RCV supporters say what it really reveals is that most Alaskan voters found the system easy to learn. Another takeaway is that Republicans need to nominate more moderate or mainstream candidates who can draw broader support across the state.
Hawaiian politics could benefit
The Hawaii State Office of Elections would be well advised to explain how the RCV will work. A good place to start is to follow what the Alaska Division of Elections has released.
It’s simple to follow and includes very helpful illustrations of what an RCV ballot looks like, a brief instructional video, translations into Spanish and seven native languages, and a list of tips and “mistakes to avoid.” “.
Here’s another lesson from Alaska to Hawaii, this one to the candidates themselves as well as their backers: be nice.
While Peltola was a model of decorum, Alaska Public Media reported, “As the election approached, Palin and Begich traded sharp comments in an attempt to sway Republican voters to their side. Observers say it may have been counterproductive, with Palin’s comments alienating the Begich supporters she needed to win.
I hope Hawaii lawmakers will seriously consider expanding RCV here. The enabling legislation explains that it “has been used effectively in the United States and around the world”, including Alaska, Maine, New York, Australia, Ireland, Malta, New Zealand, Ireland North and Scotland.
The bill also points out that Hawaii’s voting systems include optical scanners that “can process ranked voting with little or no difficulty.”
Think about how these recent elections in Hawaii – some special, most not, all important – might have turned out differently had the RCV been instituted:
- In a 2002 special election to fill the remainder of the term of the late U.S. Representative Patsy Mink, fellow Democrat Ed Case won with a plurality of votes cast in a contest that featured Mink’s widower John, the Republican John Carroll and Whitney Anderson, and more than a dozen other candidates.
- In early 2003, Case again prevailed in the special election for another two-year term, again defeating Anderson and Carroll, Democrats Matt Matsunaga and Colleen Hanabusa, Republicans Barbara Marumoto and Bob McDermott, and Frank Fasi, who ran as a Republican. More than 30 other people were also on the ballot, some posing as Greens, Libertarians, others third parties or as non-partisan.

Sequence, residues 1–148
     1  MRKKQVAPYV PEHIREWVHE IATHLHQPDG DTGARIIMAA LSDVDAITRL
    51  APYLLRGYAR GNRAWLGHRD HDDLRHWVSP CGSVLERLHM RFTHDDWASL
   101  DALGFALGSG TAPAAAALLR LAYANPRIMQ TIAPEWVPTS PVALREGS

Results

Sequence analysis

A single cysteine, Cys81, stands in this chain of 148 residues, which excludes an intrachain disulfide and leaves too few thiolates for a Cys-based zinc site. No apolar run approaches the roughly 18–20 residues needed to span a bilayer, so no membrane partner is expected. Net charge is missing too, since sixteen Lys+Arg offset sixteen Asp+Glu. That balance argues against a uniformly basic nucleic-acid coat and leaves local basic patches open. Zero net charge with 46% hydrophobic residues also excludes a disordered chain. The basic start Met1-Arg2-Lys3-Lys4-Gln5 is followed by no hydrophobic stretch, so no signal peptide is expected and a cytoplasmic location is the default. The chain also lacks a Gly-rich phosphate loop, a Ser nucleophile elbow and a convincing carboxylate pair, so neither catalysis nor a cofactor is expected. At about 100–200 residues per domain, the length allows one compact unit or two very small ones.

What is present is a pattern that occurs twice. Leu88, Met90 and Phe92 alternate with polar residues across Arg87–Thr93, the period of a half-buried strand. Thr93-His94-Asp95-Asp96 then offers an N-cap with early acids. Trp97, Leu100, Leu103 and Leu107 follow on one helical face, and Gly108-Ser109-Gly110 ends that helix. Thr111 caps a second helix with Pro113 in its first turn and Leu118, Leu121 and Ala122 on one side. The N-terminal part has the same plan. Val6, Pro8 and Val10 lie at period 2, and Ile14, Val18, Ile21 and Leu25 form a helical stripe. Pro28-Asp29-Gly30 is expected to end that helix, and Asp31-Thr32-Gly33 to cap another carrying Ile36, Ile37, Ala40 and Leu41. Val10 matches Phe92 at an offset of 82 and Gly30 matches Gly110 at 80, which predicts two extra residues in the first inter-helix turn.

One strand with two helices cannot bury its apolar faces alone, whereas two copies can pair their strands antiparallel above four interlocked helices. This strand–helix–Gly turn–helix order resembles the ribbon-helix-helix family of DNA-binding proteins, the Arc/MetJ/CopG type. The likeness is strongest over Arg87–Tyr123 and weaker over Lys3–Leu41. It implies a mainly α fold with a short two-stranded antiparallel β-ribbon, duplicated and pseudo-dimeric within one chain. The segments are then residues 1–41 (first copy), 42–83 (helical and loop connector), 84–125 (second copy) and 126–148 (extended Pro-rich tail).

- In the 2006 Democratic primary, Mazie Hirono narrowly edged out Hanabusa for the 2nd congressional district race which also included Matsunaga, Clayton Hee, Gary Hooser, Brian Schatz, Ron Menor, Nestor Garcia and two others.
- In a special election in 2010 to fill the remainder of former U.S. Representative Neil Abercrombie’s term, Republican Charles Djou defeated Hanabusa, Case and 11 others with a plurality of votes.
- In the 2014 Democratic primary, Mark Takai defeated Donna Mercado Kim, Stanley Chang, Ikaika Anderson, Will Espero and Joey Manahan by a plurality of votes cast.
- In that same primary, Schatz narrowly edged out Hanabusa in the Senate primary which also included a third Democrat.
- In the 2018 Democratic primary, Ed Case beat Kim, Doug Chin, Kaniela Ing, Beth Fukumoto and Ernie Martin with a plurality.
- In the 2022 Democratic primary, Sylvia Luke won over Ikaika Anderson, Keith Amemiya and Sherry Menor-McNamara, still with a plurality.
I am not judging here whether the top contenders won or lost these races. But even someone with a casual knowledge of Hawaiian politics might recognize many of the names listed above and the diversity of their views.
Had RCV been in play — had voters been given the opportunity to rank their favorite candidates — it’s likely that at least some of these elections might have turned out differently, along with the history and direction of modern Hawaii.